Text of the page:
Leaders play a pivotal role in shaping organizational culture, which, in turn, affects an employee’s engagement level. 

According to Business Leadership Today contributor Laurie Sudbrink, “Leaders affect employee engagement the most. A leader’s ability to authentically build relationships with team members, their level of self-awareness, their sense of accountability, as well as their health and well-being, can all have a significant impact on employee engagement.”

We recently sat down with Bruce Tulgan, author of It’s Okay to Be the Boss, and discussed seven ways leaders can build engagement with their employees:

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Employee Retention

Employee retention refers to a company’s ability to prevent turnover and retain its employees. Employee turnover refers to the number of employees who leave a job, either voluntarily or involuntarily, during a certain period of time.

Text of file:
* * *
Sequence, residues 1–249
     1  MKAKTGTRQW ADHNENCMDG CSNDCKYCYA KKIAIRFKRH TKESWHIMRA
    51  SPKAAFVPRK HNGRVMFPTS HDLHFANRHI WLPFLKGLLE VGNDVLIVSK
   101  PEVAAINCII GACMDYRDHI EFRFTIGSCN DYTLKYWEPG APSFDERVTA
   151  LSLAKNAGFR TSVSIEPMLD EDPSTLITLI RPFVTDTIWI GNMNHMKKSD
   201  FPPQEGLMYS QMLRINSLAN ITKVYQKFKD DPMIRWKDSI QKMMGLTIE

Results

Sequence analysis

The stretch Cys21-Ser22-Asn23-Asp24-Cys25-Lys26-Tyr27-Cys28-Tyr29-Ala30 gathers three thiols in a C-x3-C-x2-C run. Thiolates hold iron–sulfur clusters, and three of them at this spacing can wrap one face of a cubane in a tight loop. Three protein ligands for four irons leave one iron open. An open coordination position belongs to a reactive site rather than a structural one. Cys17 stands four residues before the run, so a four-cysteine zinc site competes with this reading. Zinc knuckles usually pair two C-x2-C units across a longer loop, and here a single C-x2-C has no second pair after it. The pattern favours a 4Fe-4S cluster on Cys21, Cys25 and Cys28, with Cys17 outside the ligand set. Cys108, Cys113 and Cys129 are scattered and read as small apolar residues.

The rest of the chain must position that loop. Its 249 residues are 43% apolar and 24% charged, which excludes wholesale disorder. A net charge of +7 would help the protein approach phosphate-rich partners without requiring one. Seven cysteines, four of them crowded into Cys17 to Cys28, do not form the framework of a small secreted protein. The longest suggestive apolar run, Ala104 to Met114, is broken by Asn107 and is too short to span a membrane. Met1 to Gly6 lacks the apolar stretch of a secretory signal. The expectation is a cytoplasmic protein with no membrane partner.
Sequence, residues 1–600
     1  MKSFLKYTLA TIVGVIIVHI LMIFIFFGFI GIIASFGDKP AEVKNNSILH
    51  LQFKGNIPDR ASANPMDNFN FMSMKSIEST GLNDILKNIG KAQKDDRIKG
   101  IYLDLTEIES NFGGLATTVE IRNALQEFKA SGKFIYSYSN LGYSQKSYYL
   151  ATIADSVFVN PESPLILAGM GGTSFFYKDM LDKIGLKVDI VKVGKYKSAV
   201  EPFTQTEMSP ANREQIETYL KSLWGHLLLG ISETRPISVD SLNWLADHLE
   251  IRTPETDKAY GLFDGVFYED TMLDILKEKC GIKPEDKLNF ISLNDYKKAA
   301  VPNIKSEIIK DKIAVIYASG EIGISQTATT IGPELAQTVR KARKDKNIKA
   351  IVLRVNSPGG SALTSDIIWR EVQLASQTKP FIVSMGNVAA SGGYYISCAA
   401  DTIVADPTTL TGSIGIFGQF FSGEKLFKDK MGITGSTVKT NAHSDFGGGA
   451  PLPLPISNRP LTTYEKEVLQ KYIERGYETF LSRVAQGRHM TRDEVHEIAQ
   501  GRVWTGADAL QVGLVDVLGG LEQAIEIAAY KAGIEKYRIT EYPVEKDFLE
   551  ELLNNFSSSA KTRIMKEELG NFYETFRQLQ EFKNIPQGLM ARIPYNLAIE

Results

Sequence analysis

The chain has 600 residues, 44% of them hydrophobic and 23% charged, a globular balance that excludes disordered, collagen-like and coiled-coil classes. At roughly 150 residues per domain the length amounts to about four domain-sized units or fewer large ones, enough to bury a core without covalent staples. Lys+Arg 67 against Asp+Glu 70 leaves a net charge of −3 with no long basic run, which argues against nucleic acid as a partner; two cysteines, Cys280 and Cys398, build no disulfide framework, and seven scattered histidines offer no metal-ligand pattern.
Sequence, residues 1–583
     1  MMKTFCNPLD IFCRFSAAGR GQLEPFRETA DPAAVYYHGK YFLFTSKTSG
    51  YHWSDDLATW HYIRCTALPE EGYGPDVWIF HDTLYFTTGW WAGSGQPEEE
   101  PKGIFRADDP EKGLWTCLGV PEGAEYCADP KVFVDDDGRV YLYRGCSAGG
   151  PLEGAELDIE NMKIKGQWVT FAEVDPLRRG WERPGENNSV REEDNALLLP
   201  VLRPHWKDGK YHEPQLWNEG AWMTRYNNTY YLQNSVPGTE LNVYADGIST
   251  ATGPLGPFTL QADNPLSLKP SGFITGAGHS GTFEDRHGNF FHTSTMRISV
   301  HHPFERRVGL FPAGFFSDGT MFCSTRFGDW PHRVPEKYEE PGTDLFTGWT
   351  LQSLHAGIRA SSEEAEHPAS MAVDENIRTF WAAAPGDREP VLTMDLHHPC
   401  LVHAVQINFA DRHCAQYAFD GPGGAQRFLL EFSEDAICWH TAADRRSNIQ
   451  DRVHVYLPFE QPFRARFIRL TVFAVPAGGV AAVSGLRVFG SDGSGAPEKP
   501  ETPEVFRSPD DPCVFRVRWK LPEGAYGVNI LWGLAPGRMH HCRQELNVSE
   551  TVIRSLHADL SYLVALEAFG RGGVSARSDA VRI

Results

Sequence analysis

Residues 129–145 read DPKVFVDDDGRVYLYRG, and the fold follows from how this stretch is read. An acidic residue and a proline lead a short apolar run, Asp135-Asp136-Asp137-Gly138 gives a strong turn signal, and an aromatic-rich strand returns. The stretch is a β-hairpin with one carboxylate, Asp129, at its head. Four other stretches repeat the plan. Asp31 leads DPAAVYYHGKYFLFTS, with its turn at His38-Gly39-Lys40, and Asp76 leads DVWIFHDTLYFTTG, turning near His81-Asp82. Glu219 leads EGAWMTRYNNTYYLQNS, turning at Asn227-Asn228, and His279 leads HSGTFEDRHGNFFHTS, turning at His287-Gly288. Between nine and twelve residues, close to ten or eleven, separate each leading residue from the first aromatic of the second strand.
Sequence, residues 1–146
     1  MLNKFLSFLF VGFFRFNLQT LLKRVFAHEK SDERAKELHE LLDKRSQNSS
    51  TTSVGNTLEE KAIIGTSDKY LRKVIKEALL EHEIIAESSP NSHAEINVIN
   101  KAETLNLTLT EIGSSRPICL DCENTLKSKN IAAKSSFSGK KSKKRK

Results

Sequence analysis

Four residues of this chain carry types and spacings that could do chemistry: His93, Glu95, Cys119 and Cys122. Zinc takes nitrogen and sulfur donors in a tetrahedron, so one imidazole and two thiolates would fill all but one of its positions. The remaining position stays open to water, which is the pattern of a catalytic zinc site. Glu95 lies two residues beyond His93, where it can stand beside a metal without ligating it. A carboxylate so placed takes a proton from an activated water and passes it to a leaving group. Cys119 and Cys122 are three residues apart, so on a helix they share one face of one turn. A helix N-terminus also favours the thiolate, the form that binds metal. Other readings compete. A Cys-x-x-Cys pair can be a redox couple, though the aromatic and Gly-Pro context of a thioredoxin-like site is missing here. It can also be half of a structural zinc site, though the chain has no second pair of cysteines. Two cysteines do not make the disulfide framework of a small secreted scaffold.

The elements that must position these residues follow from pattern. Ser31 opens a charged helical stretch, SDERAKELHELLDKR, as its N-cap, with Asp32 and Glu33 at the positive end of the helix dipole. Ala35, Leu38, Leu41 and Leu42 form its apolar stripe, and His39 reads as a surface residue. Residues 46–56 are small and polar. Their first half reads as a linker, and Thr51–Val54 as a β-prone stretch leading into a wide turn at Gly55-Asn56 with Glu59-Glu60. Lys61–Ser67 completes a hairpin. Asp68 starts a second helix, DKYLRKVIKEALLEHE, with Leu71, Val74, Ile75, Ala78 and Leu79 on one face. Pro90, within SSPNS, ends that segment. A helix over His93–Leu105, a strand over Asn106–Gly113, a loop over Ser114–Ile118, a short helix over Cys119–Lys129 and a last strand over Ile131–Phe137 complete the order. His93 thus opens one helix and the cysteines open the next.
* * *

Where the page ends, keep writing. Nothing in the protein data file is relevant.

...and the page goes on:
Employee retention is driven by employee experience and employee engagement because an employee’s attitude toward their job and their level of engagement with the work they do determines whether an employee will stay or seek out other job opportunities. 

Because leadership has such a profound impact on an organization’s culture and the level of engagement of its employees, leaders are in a position to positively or negatively affect employee retention. 

Dick Finnegan, author of The Power of Stay Interviews for Engagement and Retention, says this is especially true when it comes to an employee’s relationship with their direct supervisor: